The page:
Personally, I believe it is best to use the established term: Competitive Intelligence (CI), and in this way, all those involved will understand exactly what it is about.


What Is Competitive Intelligence (CI)

Competitive Intelligence (CI) represents an activity of crucial importance in the business world. As I mentioned in a presentation three years ago[2], CI involves obtaining, analyzing, and utilizing data, news, and information from open and official sources. This information pertains to aspects such as products, services, competitors, customers, and any other aspects related to the environment, market, or industry in which an organization operates or has interests.

The fundamental purpose of CI is to provide actionable information that supports the decision-making processes of top management within the respective organization. This means that CI is not just about collecting data or general information but about obtaining relevant and useful knowledge to make effective strategic decisions.

An essential aspect of CI is that its dynamics largely take place outside the organization. This means that CI focuses on analyzing and interpreting what is happening in the external environment of the organization, including the activities of competitors, changes in the market, customer requirements, and legislative changes that could affect the business.

For a top manager in an organization, access to relevant, timely, and updated information regarding these aspects is essential for formulating and implementing successful strategies. Through CI techniques, valuable insights about the actions of competitors, the needs and preferences of customers, as well as legislative changes that can influence the organization’s business can be obtained.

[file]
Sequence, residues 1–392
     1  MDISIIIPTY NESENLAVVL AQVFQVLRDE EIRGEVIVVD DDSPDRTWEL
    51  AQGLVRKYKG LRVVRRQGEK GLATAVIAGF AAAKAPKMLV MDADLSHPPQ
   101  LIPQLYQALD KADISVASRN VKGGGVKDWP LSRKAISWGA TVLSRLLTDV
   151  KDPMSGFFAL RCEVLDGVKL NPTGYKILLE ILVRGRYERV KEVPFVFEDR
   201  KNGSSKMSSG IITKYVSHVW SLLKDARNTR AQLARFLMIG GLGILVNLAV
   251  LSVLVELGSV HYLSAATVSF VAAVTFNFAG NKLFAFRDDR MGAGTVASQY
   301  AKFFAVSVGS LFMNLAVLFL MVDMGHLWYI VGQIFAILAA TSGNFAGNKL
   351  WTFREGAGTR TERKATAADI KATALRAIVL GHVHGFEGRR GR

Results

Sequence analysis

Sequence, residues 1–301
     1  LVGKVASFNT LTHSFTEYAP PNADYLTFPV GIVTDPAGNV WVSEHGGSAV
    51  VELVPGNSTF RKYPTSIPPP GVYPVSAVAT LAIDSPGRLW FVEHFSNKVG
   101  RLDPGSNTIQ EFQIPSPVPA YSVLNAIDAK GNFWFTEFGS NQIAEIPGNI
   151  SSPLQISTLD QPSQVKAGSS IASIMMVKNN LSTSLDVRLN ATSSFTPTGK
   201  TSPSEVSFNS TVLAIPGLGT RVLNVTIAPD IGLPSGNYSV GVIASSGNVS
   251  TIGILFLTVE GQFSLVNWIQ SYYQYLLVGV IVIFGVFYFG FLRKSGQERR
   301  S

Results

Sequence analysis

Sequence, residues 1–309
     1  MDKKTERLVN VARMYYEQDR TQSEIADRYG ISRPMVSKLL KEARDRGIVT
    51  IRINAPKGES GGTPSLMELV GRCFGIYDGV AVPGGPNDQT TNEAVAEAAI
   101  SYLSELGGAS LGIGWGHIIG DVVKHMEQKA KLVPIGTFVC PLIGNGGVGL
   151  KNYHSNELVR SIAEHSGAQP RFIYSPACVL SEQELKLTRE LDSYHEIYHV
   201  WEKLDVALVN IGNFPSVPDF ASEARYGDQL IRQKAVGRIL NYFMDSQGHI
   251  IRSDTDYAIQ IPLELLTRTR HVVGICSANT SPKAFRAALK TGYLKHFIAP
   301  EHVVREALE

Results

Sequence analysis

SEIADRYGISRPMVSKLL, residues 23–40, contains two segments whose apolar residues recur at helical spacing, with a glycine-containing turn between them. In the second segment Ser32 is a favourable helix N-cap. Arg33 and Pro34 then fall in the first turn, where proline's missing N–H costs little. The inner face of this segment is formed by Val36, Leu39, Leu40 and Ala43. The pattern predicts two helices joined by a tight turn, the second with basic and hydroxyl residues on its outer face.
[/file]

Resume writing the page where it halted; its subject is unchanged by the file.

By using these intelligence, managers can make more informed decisions based on insights that predict future developments. Thus, they can adapt effective tactics and create competitive advantages that ensure a solid position and sustainable growth for the organization in the market.

Essentially, CI provides organizations with the tools and knowledge needed to navigate successfully in the complex and competitive business environment. CI becomes a vital resource for the development and growth strategy of any organization aiming to thrive in the market.


What Competitive Intelligence (CI) Is Not

To better understand what Competitive Intelligence (CI) represents, it is important to highlight what it is not.

There are two main aspects to consider in this context: CI is not Business Intelligence (BI), and it is not economic espionage.


CI Is Not BI